Alto’s mission is to improve the quality of life for all who need medicine, building a pharmacy experience that serves people of all backgrounds. As we work toward a more inclusive and accessible healthcare system, we recognize the importance of diversity among physicians, pharmacists, nurses, and other public health figures. In honor of Black History Month, take a moment to learn about five influential Black healthcare leaders past and present — those who paved the way and those who continue to break barriers today. (For additional inspiration, revisit the first post in this series.)
Dr. M. Jocelyn Elders: the first Black U.S. surgeon general
As a Black woman born to farmers in a rural, poverty-stricken area of Arkansas, M. Jocelyn Elders encountered numerous obstacles on her path to becoming the first Black U.S. Surgeon General in 1993. At 16, she met a doctor for the first time, but she didn't consider a profession in healthcare until she connected with Edith Irby Jones, the first Black person to attend the University of Arkansas Medical School, during college.
Throughout her career, Dr. Elders balanced clinical practice and research, increasing the public’s awareness of adolescent health issues. In 1987, Bill Clinton, then the governor of Arkansas, appointed Dr. Elders as head of the state’s Department of Health. The Arkansas state legislature mandated sexual education and substance misuse prevention programs in the K-12 curriculum in 1989 in large part because of Dr. Elders’ advocacy. During her tenure as Surgeon General, Dr. Elders continued to champion progressive policies, advocating for better sexual education programs, distribution of condoms in schools, and abortion rights. She remains active in the field of public health as a professor emeritus at the University of Arkansas School of Medicine.
Bernard J. Tyson: former CEO of Kaiser Permanente
As chairman and CEO of Kaiser Permanente, Bernard Tyson transformed the company’s services to account for social determinants of health like food access and affordable housing as well as the importance of mental health and wellness. He was also instrumental in the development of the Kaiser Permanente School of Medicine, which trains physicians to be not only clinicians, but patient advocates and innovators, too. By shining a spotlight on how social determinants of health contribute to disparities in health outcomes, Tyson leaves behind a legacy that reaches far beyond Kaiser’s services.
Nadine Burke Harris: first surgeon general of California
A physician, researcher, advocate, and California’s first surgeon general, Dr. Nadine Burke Harris has transformed how our society responds to childhood trauma. While running a health clinic in an underserved San Francisco neighborhood, she observed that preventative health practices and quality treatment didn’t resolve her patients’ risk for poor health outcomes. Drawing upon research from the CDC and Kaiser Permanente on adverse childhood experiences (ACEs), which linked early adversity to higher rates of chronic illness later in life, Dr. Burke Harris studied her own patients and found that more than 67% had experienced at least one ACE. She has helped increase public awareness of ACEs and toxic stress, advocating for universal screening of children and adolescents for signs of trauma. Her 2014 TED Talk, “How Childhood Trauma Affects Health Across the Lifetime,” has been viewed more than 7.5 million times, and she published The Deepest Well: Healing the Long-Term Effects of Childhood Adversity in 2018.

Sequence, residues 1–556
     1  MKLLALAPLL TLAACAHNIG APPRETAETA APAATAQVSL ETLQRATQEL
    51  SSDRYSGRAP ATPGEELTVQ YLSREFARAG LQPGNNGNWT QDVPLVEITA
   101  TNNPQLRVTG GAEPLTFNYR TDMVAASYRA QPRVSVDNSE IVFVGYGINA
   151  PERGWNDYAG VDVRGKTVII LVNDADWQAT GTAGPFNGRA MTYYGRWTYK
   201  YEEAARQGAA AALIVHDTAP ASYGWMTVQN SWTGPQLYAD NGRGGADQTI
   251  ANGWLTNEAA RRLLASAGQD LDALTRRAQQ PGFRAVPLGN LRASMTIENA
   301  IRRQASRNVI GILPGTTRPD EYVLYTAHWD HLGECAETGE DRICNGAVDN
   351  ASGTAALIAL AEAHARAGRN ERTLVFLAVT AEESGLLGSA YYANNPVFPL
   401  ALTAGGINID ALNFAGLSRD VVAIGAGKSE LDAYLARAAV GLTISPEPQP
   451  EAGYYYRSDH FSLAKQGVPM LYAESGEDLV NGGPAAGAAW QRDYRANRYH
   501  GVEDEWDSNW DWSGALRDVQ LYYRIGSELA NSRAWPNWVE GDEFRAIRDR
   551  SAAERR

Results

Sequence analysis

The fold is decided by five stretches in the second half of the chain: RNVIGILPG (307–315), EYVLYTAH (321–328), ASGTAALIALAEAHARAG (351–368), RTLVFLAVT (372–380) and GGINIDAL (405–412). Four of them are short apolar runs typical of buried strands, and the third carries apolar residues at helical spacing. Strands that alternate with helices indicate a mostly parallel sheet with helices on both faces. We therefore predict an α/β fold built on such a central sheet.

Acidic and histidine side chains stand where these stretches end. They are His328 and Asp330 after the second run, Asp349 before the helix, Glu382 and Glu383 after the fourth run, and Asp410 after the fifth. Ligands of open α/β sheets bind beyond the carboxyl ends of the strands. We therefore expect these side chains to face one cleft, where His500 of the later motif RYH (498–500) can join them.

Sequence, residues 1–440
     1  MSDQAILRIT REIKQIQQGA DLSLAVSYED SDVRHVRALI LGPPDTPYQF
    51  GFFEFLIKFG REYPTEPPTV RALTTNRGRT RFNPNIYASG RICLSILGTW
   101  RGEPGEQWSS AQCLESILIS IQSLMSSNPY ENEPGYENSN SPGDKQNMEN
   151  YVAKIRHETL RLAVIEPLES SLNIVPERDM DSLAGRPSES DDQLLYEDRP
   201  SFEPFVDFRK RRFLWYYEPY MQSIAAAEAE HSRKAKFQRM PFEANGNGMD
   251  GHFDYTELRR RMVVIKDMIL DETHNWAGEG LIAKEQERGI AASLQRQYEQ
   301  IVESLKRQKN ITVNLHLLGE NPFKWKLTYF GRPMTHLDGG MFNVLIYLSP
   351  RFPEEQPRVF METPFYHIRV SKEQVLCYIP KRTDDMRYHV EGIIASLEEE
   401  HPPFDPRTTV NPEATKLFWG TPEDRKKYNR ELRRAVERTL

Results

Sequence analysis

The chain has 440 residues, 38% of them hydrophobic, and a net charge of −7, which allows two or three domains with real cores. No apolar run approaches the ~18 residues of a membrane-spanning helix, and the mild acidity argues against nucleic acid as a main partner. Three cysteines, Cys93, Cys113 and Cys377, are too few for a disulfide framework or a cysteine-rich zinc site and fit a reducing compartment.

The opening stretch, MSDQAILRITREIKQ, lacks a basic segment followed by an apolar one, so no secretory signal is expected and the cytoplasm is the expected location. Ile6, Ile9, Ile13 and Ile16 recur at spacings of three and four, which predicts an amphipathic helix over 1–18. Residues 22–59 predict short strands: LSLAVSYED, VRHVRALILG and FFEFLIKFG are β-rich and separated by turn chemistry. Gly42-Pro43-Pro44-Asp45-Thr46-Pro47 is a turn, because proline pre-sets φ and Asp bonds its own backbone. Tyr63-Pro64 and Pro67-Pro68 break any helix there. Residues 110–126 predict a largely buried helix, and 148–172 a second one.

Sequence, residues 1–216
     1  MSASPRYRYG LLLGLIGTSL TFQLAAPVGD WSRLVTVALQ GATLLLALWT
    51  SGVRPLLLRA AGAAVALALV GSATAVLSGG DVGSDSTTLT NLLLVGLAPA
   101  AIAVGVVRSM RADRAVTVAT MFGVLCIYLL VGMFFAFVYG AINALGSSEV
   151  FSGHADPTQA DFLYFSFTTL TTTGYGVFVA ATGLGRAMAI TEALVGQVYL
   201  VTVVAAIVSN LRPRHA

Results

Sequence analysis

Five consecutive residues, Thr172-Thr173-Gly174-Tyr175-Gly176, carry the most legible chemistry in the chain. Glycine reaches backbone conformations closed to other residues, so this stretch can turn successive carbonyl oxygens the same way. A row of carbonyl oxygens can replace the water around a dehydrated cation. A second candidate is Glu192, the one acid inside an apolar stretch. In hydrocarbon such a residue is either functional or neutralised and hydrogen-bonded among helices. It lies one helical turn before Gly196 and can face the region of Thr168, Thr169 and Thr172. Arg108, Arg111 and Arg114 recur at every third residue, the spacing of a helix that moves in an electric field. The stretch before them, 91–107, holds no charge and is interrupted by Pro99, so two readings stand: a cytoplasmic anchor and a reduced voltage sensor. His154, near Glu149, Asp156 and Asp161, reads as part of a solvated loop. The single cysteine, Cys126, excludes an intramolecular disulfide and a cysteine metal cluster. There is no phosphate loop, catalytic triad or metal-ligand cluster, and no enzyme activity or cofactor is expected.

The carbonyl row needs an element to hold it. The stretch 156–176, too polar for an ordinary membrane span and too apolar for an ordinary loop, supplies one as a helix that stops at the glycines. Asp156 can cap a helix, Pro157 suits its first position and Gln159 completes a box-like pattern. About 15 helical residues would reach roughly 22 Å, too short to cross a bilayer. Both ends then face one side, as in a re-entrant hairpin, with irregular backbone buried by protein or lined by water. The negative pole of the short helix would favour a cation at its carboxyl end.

Dr. Patrice Harris: first Black female president of the American Medical Association
Despite not knowing any doctors while growing up in West Virginia, Dr. Patrice Harris’ passion for medicine started early. The board-certified psychiatrist initially planned to pursue pediatrics but shifted her focus after discovering an interest in psychiatry during medical school. Her focus on child psychiatry allows her to merge her passion for children with her expertise in mental health. Throughout her career, Dr. Harris has focused on the role of implicit bias within the medical profession and how unconscious biases among healthcare workers influence health disparities.
Dr. Harris’ involvement in the professional healthcare community spans many leadership positions at state and national organizations. She became the first Black woman elected as president of the American Medical Association in 2020. During her tenure, she focused on a variety of health issues, from opioid addiction to COVID-19. She previously chaired the AMA’s Opioid Task Force, providing evidence-based recommendations to clinicians with the goal of ending the opioid epidemic.
Betty Smith Williams: first Black graduate of the Frances Payne Bolton School of Nursing
Betty Smith Williams was the first Black student to earn a nursing degree from Cleveland’s Frances Payne Bolton School of Nursing, in 1954, and the first Black individual to teach at a higher education institution in the state of California, but her individual accomplishments are only a part of her legacy. Williams has helped ensure that today’s aspiring Black healthcare professionals have the opportunities and support to break down barriers of their own. She was instrumental in developing the National Black Nurses Association and the National Coalition of Ethnic Minority Nurse Associations, Inc. — initiatives that have elevated the voices of Black nurses within the profession. In uniting Black nurses, Williams hoped to create better health outcomes among the Black community. In her own words: "We had no voice, but we understood our culture and our unique needs better than anyone else.”
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This content is not intended to be a substitute for professional medical advice, diagnosis, or treatment. Always seek the advice of your physician or another qualified health provider with any questions you may have regarding a medical condition.